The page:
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Youth educate peers on HIV/AIDS prevention


Once unknown among Tajikistan's predominantly Muslim population, HIV/AIDS is spreading with increasing speed across this mountainous country. Tajik society, with its strong traditional values, is only slowly awakening to the dangers of the disease. UNICEF has been working with local youth organizations in Dushanbe, the capital, to train peer educators in HIV prevention. Each group of trained educators in turn trains other groups. The programme has been growing over the past four years.

"I've made it the purpose of my life to help my peers so they never have to deal with this problem and so the whole world can be free of this handicap," says 18-year-old Olia, one of the peer educators.

Olia stresses that tolerance is important for a healthy society. HIV-positive people often face discrimination.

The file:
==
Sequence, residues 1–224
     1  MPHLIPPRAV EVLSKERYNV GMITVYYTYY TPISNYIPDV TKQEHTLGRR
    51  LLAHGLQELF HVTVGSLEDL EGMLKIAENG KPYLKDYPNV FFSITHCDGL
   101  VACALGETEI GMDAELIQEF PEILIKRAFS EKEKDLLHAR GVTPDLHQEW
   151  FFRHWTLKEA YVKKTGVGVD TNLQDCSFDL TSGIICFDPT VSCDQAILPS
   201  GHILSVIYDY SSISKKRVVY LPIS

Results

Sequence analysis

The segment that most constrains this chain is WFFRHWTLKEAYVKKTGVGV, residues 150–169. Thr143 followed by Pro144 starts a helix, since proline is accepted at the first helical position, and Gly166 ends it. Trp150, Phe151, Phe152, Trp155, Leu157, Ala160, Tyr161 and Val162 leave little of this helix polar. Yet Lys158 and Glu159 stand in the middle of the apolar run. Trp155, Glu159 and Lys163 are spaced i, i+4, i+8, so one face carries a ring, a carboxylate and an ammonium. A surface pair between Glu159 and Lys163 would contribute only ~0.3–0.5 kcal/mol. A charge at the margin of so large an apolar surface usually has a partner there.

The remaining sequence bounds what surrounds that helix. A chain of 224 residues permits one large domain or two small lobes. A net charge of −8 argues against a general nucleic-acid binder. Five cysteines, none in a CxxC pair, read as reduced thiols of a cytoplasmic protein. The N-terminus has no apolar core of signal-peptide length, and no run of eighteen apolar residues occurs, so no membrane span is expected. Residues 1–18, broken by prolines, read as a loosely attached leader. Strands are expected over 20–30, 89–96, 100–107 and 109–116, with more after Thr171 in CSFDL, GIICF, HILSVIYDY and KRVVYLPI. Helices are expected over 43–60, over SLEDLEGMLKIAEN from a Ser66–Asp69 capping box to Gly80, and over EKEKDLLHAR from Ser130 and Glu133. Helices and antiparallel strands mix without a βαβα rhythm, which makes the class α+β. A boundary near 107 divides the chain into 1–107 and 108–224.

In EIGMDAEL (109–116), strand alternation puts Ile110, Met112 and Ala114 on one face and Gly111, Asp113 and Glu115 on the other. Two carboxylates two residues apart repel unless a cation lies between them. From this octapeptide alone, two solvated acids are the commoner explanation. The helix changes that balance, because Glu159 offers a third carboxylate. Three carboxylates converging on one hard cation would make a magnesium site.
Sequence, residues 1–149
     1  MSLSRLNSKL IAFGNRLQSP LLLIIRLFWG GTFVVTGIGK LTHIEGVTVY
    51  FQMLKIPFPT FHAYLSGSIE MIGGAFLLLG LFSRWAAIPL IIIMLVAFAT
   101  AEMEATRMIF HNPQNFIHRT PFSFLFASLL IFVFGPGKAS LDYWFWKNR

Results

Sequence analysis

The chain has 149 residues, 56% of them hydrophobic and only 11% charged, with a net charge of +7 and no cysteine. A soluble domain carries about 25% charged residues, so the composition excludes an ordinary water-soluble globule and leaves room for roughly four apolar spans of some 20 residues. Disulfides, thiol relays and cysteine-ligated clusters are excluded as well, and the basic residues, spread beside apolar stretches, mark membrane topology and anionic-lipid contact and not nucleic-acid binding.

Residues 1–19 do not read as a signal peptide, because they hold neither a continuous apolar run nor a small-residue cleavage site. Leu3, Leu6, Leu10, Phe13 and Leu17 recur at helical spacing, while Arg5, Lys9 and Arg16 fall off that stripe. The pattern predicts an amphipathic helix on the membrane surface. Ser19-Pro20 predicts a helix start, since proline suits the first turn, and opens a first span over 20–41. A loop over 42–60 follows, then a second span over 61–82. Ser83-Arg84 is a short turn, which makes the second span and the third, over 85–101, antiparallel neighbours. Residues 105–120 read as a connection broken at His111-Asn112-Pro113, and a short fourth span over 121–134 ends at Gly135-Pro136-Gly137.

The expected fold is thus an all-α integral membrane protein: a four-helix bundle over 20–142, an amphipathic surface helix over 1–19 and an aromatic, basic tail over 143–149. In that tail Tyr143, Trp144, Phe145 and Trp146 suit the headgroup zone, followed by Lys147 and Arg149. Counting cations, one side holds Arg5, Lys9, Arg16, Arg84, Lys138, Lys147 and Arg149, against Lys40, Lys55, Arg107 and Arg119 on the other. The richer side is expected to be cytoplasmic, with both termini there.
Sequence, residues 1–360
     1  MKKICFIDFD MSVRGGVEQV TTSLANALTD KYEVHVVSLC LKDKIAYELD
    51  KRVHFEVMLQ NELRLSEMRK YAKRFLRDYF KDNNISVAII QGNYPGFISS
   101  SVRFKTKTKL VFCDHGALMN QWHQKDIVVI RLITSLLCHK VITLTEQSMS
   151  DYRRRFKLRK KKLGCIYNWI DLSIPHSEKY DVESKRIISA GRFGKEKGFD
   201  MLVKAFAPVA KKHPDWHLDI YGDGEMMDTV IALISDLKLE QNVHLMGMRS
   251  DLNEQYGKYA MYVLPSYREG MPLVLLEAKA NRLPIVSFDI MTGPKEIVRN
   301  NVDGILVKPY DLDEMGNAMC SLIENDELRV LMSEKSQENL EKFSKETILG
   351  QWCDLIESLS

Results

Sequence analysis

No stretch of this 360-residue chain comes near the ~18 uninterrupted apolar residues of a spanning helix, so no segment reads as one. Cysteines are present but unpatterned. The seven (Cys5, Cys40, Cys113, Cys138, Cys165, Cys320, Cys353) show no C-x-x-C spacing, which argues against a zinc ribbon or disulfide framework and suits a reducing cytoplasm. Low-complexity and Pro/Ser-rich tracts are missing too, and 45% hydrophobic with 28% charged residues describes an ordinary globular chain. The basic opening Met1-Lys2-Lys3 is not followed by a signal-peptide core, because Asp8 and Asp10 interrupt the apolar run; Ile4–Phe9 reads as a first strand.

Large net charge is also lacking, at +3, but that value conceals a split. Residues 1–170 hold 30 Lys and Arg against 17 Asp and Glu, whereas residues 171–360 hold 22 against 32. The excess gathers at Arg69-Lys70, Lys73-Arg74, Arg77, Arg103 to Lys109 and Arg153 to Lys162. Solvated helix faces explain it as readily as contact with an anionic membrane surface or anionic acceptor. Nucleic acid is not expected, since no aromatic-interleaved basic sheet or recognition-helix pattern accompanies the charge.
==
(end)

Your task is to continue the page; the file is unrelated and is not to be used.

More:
"I was recently in Turkey, and I met a girl who had the virus," explains Olia. "She is also a peer educator, and she wanted to help others while she had the time. . . . These people are like us except that they have the virus inside them. We should treat them equally."

Matluba, 17, is also a peer educator, and has a special message.

"I would ask HIV-positive people to tell others who don't know about the virus," she says. "I think people would understand it better if they see the feelings in the eyes of the infected person."

Young people like Olia and Matluba are at the forefront of the effort to raise awareness in Tajikistan about HIV/AIDS and to stop the rising tide of infection before it gets out of control.

Anora Mahmudova, at





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